The reinsurance market in Asia has significant room for growth given the relatively low level of insurance penetration across the region, according to a report from Fitch Ratings. However risk awareness is increasing, demand for reinsurance from direct insurers in the region is growing and this will naturally lead to opportunities for the capital markets and ILS.
Where will growth come from? A question regularly raised by participants in and commentators on the insurance-linked securities and third-party capital backed collateralized reinsurance markets. Asia is one of the answers. Currently the region features in the catastrophe bond market thanks to a number of transactions transferring Japanese perils to investors and some collateralized reinsurance underwriters and fund managers deploy capital into risks in the region, but it is early days so far.
The issues of a lack of risk modelling, unreliable data and different reporting standards among insurers are often raised, but as the ILS and collateralized reinsurance market grows in size, and as reinsurance penetration increases across the Asian region, there will be a natural progression which will find more third-party capital gradually making its way into reinsurance underwriting in Asia.
In its report Fitch Ratings notes that Asian economies now account for 33% of global GDP and 59.2% of the world’s population. With these figures in mind consider that insurance penetration across Asia runs well below the U.S. and Europe, with a rate of 5.73% in Asia in 2012, compared to 8.03% in the U.S. and 11.27% in the UK.
Then consider where the highest growth potential may come from, likely the Asian countries with the highest populations and the economies with the highest growth potential. That would put China, India and Indonesia at the forefront of insurance and reinsurance growth and in 2012 those countries had just 1.77%-3.96% insurance penetration rates. These markets contain 68.6% of Asia’s population, notes Fitch, and also some of the highest rising household income and industrialisation rates in the world.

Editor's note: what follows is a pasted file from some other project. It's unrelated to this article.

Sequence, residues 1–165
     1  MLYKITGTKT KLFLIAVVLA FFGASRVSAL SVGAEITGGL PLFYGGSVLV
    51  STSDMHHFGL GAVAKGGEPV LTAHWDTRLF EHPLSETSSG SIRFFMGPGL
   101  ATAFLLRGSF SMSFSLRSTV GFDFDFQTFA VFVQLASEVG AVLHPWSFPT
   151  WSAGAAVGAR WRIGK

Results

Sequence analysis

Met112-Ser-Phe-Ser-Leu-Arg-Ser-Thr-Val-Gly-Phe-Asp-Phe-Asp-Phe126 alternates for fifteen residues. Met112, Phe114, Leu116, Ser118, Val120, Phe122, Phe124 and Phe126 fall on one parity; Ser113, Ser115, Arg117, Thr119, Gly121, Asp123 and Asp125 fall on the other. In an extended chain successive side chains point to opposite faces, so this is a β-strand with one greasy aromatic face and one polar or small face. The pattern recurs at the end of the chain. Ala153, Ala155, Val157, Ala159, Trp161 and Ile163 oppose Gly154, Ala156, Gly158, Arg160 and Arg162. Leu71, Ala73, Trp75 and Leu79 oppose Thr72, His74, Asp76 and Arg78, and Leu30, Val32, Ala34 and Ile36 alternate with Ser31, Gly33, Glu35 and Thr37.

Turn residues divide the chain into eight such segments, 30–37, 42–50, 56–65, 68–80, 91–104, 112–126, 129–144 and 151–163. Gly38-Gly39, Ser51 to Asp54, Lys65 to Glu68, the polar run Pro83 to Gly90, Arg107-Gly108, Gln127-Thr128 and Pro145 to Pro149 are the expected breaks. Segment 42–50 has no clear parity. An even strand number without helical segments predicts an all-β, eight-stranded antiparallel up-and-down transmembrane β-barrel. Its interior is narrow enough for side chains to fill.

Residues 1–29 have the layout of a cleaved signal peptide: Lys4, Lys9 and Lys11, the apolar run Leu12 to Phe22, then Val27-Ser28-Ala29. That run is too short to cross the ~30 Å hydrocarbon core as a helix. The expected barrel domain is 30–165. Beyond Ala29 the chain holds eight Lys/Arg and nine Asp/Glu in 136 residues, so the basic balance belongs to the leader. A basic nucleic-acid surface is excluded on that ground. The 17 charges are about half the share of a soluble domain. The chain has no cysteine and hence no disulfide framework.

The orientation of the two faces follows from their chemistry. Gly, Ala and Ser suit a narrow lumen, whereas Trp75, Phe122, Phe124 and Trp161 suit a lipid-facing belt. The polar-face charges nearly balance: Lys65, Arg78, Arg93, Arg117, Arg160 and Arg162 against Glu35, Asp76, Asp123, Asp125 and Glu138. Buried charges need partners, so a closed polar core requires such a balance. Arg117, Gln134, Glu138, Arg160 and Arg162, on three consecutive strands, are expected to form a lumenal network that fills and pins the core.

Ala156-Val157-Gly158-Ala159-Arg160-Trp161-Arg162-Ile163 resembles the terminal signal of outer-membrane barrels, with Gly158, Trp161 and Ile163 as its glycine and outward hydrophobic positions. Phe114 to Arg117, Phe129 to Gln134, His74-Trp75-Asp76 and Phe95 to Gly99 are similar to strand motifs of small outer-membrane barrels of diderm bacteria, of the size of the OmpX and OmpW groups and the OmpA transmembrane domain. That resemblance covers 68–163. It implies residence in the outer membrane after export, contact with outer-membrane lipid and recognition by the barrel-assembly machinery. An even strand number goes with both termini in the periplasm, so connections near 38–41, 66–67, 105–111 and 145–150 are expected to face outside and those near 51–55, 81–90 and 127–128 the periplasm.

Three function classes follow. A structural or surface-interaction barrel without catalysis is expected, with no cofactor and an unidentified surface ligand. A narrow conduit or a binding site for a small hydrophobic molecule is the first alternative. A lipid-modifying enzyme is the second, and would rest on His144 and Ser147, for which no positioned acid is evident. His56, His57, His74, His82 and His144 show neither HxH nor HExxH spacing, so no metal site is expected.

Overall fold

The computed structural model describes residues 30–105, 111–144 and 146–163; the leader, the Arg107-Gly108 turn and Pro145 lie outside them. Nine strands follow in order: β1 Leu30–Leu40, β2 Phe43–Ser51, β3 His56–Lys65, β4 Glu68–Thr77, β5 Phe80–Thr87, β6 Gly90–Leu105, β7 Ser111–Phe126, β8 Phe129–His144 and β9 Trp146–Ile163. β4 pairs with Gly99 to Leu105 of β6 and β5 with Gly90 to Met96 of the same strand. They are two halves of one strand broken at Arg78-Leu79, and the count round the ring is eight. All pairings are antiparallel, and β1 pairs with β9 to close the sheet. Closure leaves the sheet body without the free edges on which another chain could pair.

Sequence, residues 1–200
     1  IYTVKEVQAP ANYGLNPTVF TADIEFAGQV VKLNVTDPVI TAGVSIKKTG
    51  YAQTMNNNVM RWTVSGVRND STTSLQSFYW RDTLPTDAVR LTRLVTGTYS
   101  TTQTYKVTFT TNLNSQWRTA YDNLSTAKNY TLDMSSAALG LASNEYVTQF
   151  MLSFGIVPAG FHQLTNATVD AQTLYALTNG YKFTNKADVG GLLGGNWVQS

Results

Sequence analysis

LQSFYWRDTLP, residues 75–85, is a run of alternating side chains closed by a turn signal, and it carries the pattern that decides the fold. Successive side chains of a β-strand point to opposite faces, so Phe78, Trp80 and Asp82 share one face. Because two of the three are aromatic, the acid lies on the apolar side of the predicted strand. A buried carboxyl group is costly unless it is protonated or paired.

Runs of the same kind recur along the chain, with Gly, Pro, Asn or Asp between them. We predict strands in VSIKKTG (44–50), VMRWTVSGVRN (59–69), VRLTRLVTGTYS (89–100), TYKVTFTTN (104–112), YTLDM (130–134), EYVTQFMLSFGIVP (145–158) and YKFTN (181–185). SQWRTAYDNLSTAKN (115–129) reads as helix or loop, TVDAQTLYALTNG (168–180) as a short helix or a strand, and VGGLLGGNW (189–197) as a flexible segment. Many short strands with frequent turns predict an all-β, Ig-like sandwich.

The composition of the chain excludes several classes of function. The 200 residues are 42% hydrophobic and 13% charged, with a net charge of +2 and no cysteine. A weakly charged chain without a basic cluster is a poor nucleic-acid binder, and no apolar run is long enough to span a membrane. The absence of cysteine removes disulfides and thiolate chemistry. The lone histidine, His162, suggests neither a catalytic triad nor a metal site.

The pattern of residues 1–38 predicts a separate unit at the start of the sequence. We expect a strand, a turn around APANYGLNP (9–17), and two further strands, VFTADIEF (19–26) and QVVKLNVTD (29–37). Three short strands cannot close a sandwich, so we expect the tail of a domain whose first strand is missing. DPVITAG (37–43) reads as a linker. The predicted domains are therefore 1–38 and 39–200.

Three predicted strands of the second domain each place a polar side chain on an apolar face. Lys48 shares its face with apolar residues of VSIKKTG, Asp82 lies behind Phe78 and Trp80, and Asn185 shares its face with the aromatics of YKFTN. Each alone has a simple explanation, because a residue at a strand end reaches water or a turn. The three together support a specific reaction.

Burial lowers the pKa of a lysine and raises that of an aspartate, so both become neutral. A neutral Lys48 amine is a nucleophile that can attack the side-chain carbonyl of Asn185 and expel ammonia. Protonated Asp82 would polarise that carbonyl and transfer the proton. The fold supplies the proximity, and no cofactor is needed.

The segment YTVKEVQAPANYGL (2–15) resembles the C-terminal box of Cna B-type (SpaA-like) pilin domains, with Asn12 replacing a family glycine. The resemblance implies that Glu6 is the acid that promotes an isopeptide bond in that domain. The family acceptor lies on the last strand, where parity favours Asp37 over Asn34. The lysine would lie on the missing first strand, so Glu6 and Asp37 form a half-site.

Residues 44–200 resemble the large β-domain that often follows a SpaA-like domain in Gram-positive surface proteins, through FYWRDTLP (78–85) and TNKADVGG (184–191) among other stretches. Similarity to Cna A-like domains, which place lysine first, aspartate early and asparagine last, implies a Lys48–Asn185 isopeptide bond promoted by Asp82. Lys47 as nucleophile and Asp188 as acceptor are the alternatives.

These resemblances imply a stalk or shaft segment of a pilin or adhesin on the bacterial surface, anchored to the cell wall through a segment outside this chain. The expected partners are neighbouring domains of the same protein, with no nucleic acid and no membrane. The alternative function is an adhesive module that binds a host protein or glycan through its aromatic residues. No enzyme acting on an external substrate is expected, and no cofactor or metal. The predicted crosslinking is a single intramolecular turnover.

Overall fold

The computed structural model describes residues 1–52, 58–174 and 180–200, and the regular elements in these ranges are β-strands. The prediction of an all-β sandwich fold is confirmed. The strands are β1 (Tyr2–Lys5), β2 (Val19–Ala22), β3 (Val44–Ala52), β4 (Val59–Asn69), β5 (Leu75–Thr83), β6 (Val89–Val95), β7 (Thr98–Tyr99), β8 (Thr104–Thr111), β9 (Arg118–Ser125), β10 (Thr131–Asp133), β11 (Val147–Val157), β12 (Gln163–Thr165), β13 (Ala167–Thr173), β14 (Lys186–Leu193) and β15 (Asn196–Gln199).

So, there’s a lot of room for growth in terms of insurance penetration and after insurance will naturally follow reinsurance once demand for it increases. Currently Asia and Australia combined only account for 10% to 15% of global reinsurance premiums, according to Fitch, despite the fact that as a region it accounts for considerably more than half of the world’s population.
Fitch says that it sees a trend emerging for new reinsurance capacity to be added to the Asian market with new Asia-based reinsurers being established to take advantage of the growing demand. How long until we see the first Asia based, third-party capital backed collateralized underwriter of reinsurance risks? Perhaps not that long, collateralized reinsurers are already underwriting some Asian risks and participating in some of the larger reinsurance and retrocession programmes, albeit on a small level to date.
Fitch said that it believes that rising natural catastrophe occurrence and cost will heighten demand for insurance and reinsurance in the region. As the region further develops its infrastructure, putting more capital at risk, those providing investment in infrastructure and industry in the region are going to demand that they are protected from natural catastrophe risks.
Fitch said that it believes direct insurers will be prompted by this to adopt appropriate risk transfer and capital preservation strategies, and reinsurers will in turn press for higher premium rates that better reflect their claims experience.Combine these factors with the increasingly affluent nature of Asian economies and a stabilisation of economic conditions in the region and Fitch believes that it will propel the growth of direct insurance and reinsurance businesses.
We still don’t expect a sudden surge of catastrophe bonds in Asia any time soon, but we will begin to see more evidence of the influence of the capital markets and third-party capital in the region. Some ILS fund managers are beginning to look at selective risks in Asia to aid their diversification, some collateralized retro underwriters are already active and slowly growing their participation in these markets.
It will be interesting to see whether any more catastrophe bonds are issued this year with Asian (likely Japanese) perils. With the market so receptive to new transactions this year, you would think Japanese insurers, or reinsurers looking for retrocession for Asian risks, may look closely at parametric trigger options to issue cat bonds covering the region.
The Asian market certainly holds a lot of growth potential for the global reinsurance market and as a result the collateralized market and capital market investors will eventually have an opportunity to expand their scope to this region as well. It’s likely to be a slow rate of adoption until we see some leaps forward in risk modelling and data provision for the region. When that happens we could see a much faster rate of change and Asia become a much more meaningful market for the reinsurance and capital markets convergence space.
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You can access the full report via the Fitch website here.